In the 1960s and '70s, physicists Jacob Bekenstein and John Wheeler did a bit of math and determined that black holes "have no hair."

That seemingly bizarre statement might have left some wondering whether the scientists were partaking in the drugs synonymous with the era, but they weren't talking about hair in the traditional, stuff-on-top-of-your-head sense.

Or, well, just let us explain.

Hair is often used to describe how a person looks — he's a blonde, she's a brunette. But Bekenstein and Wheeler determined that black holes didn't have that something scientists could use to describe their appearance.

All black holes have, according to the longstanding theory, are the three observable characteristics defined by Albert Einstein's general theory of relativity: a mass, an angular momentum, and an electric charge. The black hole's gravitational pull snatches up anything else that might be useful for differentiating one black hole from another of the same type.

In other words, the duo determined that the phenomena have "no hair" — and that makes it really hard to glean any insight into an individual black hole's history or origin.

That changed in 2018 when a team led by University of Cambridge scientists discovered that extreme black holes, ones with the maximum electric charge possible, do have several properties researchers can use to tell them apart. But all other types of black holes remained "bald" — until now.

On November 15, a team at California's Theiss Research published a paper in the journal Physical Review Research focused on the hair-growing ability of nearly extreme black holes.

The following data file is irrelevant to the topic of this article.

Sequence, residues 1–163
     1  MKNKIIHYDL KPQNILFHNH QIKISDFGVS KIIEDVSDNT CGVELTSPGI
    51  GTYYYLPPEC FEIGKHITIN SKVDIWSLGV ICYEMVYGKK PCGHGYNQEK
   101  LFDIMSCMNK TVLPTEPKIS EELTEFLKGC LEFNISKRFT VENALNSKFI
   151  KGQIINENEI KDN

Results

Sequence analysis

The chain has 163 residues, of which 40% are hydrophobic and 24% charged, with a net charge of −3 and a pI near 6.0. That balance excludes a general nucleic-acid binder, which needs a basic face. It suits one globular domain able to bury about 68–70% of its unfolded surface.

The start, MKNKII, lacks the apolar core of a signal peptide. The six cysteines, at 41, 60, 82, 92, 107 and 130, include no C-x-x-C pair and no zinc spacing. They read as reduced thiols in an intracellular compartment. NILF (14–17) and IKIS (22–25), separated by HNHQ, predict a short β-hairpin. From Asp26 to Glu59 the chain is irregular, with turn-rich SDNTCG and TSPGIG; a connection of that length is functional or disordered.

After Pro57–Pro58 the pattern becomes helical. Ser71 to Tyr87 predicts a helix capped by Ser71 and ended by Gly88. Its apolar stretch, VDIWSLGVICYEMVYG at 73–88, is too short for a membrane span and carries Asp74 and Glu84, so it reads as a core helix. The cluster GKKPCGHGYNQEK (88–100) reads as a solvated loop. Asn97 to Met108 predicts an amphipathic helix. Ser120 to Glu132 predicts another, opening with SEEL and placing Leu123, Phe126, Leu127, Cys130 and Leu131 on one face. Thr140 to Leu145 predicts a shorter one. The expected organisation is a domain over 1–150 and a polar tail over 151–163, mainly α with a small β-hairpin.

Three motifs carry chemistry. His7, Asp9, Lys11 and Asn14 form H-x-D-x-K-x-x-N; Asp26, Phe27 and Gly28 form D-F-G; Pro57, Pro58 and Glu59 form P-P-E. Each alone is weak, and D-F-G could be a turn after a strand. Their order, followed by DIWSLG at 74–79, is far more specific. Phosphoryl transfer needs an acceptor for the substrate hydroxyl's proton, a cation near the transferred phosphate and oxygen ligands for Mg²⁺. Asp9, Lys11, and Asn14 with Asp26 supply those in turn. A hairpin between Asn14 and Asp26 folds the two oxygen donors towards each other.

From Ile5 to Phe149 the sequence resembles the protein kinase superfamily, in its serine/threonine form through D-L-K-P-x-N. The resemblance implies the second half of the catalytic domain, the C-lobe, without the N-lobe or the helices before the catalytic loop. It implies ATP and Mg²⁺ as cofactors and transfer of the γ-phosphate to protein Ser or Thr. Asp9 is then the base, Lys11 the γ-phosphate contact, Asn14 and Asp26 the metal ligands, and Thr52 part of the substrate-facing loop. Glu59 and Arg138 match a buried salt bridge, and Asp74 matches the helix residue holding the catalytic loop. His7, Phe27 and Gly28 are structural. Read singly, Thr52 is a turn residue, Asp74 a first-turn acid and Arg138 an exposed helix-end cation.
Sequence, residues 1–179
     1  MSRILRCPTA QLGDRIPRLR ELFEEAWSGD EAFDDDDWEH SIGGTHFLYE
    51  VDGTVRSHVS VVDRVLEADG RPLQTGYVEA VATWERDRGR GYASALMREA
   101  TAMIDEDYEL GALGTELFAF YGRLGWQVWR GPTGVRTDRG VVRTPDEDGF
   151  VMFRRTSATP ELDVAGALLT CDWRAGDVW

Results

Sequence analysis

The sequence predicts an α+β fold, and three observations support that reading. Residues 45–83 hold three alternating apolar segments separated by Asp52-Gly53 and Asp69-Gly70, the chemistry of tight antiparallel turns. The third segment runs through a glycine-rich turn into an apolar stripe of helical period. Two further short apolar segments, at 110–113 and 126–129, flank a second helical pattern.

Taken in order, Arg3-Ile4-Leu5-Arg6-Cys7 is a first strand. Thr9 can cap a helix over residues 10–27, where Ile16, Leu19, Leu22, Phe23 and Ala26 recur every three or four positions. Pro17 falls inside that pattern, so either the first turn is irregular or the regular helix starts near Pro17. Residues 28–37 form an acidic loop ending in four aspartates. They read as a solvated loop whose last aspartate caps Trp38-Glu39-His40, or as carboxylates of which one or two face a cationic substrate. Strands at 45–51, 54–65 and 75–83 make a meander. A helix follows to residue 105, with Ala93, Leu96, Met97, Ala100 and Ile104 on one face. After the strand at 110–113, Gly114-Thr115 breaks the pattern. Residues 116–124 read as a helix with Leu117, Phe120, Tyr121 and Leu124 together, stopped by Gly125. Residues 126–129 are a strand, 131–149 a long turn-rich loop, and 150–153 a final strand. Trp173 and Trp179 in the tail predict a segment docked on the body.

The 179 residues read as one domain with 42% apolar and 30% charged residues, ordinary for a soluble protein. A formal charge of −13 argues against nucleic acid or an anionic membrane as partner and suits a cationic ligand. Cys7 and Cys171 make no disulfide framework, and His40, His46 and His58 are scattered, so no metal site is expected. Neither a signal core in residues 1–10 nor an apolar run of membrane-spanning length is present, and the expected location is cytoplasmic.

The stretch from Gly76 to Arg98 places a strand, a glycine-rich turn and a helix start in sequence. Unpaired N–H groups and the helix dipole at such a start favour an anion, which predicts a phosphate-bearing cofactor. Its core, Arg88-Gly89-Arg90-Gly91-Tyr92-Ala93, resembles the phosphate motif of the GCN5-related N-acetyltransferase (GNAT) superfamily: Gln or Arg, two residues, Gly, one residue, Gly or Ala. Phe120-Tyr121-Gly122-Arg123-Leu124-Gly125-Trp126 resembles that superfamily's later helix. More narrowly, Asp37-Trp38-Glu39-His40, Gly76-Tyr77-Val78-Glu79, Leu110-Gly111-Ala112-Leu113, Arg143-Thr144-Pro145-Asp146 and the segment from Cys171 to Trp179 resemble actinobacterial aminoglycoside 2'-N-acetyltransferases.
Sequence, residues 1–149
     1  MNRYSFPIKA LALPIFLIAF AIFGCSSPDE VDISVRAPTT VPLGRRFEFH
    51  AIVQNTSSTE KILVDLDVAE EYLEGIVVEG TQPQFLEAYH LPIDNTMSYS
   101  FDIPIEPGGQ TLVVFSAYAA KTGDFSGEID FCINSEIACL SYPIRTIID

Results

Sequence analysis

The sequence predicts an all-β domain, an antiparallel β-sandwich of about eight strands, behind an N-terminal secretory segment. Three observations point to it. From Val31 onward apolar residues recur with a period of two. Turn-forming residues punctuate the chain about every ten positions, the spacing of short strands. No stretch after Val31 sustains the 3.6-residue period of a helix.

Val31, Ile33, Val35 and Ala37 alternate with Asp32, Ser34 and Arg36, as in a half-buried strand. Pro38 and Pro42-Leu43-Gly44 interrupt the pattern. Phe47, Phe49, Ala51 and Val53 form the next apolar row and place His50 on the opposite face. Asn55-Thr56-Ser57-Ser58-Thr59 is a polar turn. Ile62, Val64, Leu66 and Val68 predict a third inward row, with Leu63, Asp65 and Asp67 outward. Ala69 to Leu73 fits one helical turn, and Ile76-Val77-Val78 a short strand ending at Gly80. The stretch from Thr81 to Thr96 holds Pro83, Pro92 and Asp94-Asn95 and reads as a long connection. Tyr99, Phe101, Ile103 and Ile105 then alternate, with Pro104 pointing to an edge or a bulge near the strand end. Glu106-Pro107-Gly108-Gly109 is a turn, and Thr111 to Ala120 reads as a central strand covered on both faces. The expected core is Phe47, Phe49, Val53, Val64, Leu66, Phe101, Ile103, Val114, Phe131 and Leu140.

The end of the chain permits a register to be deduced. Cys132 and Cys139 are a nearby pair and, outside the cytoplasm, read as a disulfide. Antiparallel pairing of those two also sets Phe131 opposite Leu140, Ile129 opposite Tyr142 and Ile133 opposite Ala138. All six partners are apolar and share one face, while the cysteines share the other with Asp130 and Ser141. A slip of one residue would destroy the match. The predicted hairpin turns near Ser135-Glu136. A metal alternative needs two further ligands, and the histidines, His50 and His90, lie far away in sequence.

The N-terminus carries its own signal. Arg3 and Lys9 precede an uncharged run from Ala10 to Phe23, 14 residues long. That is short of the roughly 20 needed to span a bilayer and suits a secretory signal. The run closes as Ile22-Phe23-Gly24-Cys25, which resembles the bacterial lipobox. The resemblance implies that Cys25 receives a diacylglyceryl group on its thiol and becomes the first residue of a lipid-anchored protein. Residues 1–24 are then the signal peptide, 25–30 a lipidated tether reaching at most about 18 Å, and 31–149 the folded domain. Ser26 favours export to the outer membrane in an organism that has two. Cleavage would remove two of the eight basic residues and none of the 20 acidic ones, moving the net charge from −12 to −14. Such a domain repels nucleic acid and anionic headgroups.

"In the movie 'Interstellar' the monster black hole is nearly extreme," researcher Lior Burko said in a press release. "We wanted to see if Gargantua has hair."

By conducting computationally intense simulations, the team determined that two types of black holes — nearly extreme Reissner-Nordström black holes and nearly extreme Kerr black holes — can grow "hair" just like extreme black holes.

But it doesn't last long.

"Nearly extreme black holes can pretend that they are extreme for only so long," Burko said. "But eventually their non-extremality becomes manifest. Nearly extreme black holes that attempt to regrow hair will lose it and become bald again."

Astrophysicists might not have to wait too long to see the "hair" on a nearly extreme black hole in real-life either.

In the early 2030s, the European Space Agency plans to launch three spacecraft as part of the Laser Interferometer Space Antenna to detect black holes' gravitational waves — and as Burko told Live Science, there's a chance the project could spot the "hair" on a nearly extreme one.

READ MORE: Black Holes Grow Hair, Then Go Bald Again [Live Science]

More on black holes: Baby Black Holes May Be Orbiting Supermassive Black Holes

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